Category Archives: Science and Society

Peer review of an anti-fluoride “peer review”

In  Anti-fluoride activists define kangaroo court as “independent” I promised to review the anti-fluoridationist International Peer Review.” This is Anti-fluoride  critique of the recent review Health Effects of Water Fluoridation: a Review of the Scientific Evidence produced by the Royal Society of NZ together with the Office of the Prime Minister’s Chief Science Advisor (hereafter refered to as the Royal Society Review).

So here is my peer review, of a review, of a review.

General comments

Anti-fluoride activists have  busily mentioned all the apparent contributors to this critique but I will only deal with Kathleen Theissen’s and Chris Neurath’s comments as only these have any substance.  James Beck declined comment saying only “On the current New Zealand case I don’t think I can do any better than Chris has done.” Similarly Speeding Micklem says only that “Chris’s analysis is excellent.”

Hardy Limeback does not engage at all with the science in the Royal Society Review, but does express his emotional attitude towards it. He says:

“I can’t be bothered to show step by step where this review does not meet the standards of critical scientific analysis. . . . Chris is right on the ball in critiquing this review. I’m not sure many people will appreciate just how detailed he is.
I’m disgusted by how sloppy the NZ reviewers were. They were obviously politically motivated.”

However, Limeback’s comment on the use they will make of their critique is interesting:

“The effort to critiquing every paragraph of the NZ review is taxing but once it is done and posted on the website, it would be most useful for those people who want to take on the promoters of fluoridation who will undoubtedly use this review to support the profluoridation agenda and point to how unscientific, one-sided, politically motivated this review really is.
I would be happy to lend my name to the list of scientific reviewers of this critique.”

So, you can get an idea of what their purpose is in their “peer review.”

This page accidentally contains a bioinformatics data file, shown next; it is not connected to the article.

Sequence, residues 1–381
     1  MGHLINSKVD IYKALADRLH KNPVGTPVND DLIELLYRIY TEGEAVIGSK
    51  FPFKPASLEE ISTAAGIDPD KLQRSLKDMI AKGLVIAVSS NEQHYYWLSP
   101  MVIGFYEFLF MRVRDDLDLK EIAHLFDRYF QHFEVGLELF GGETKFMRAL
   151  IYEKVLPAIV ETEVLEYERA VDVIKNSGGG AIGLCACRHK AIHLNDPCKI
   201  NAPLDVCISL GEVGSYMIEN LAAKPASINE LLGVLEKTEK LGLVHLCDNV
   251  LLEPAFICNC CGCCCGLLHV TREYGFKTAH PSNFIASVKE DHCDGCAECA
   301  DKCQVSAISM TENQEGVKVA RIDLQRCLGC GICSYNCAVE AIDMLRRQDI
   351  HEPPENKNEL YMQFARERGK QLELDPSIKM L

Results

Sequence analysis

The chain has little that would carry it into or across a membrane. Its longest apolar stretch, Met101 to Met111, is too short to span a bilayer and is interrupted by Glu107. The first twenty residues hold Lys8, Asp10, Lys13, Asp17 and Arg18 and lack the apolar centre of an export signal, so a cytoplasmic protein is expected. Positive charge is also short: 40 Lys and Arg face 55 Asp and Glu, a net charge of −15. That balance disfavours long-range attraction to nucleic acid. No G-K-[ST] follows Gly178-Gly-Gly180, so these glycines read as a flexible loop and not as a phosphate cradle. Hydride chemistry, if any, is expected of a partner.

Now, the specific issues raised in Theissen and Neurath’s comments.

Margin of safety

The Royal Society Review found some population groups may exceed the prescribed “safe” levels of F intake. So Theissen concludes that “the fluoride concentration in drinking water is too high and should be lowered.” However, she ignores completely the review’s comments on this issue.

“Infants 0-6 months of age who are exclusively fed formula reconstituted with fluoridated water will have intakes at or exceeding the upper end of the recommended range (UL; 0.7 mg/day). The higher intakes may help strengthen the developing teeth against future decay, but are also associated with a slightly increased risk of very mild or mild dental fluorosis. This risk is considered to be very low, and recommendations from several authoritative groups support the safety of reconstituting infant formula with fluoridated water.”

The review also noted that children from 1 – 4 yrs old do not exceed recommended levels on F intake but intake from ingested toothpaste my increase intake above recommended levels. It goes on to conclude:

“Consumption of fluoridated water is highly recommended for young children, as is the use of fluoride toothpaste (regular strength – at least 1000ppm), but only a smear of toothpaste should be used, and children should be supervised during toothbrushing to ensure that toothpaste is not swallowed/eaten.”

I also discussed the issue of risk for formula-fed infants in my article When politicians and bureaucrats decide the science  and in my exchange with Paul Connett. Here I note how “peace of mind” advice to those parents who may be concerned about increased risk of dental fluorosis gets presented by anti-fluoride people as safety warnings.

Adequacy of standards for fluoride intake

Theissen discusses the adequacy of a stands for F intake at length but her only beef with the Royal Society Review on this appears to be that it doesn’t challenge existing standards. She herself considers that these standards should be revised to “obtained values much lower than those currently considers desirable by the New Zealand government.” But here she is promoting a personal agenda and not objectively critiquing the Royal Society Review.

Effects of community water fluoridation (CWF) in NZ

Theissen considers that the NZ review offered “little documentation for the beneficial effects of fluoride.” Strange – has she read the review? Table A2 lists 21 major reviews it considered and 7 New Zealand sources were included – the 2009 NZ Oral Health Survey and regional studies in Otago, Southland, Canterbury, Wellington, Auckland and Northland.

If that was insufficient for Theissen then why is her only counter to mention John Coulquhoun’s reminiscences in his article of 1997? It is not enough for Theissen to use his assertions “that there are virtually no differences in tooth decay rates related to fluoridation” and “25 percent of children had dental fluorosis.” But has she bothered to check out his data at all critically? Why no more citations supporting her  claim?

Coulquoun was a committed anti-fluoridationist  and a critical check of his claims show them to be unreliable. Here is a sentence from the abstract of his paper Colquhon 1985: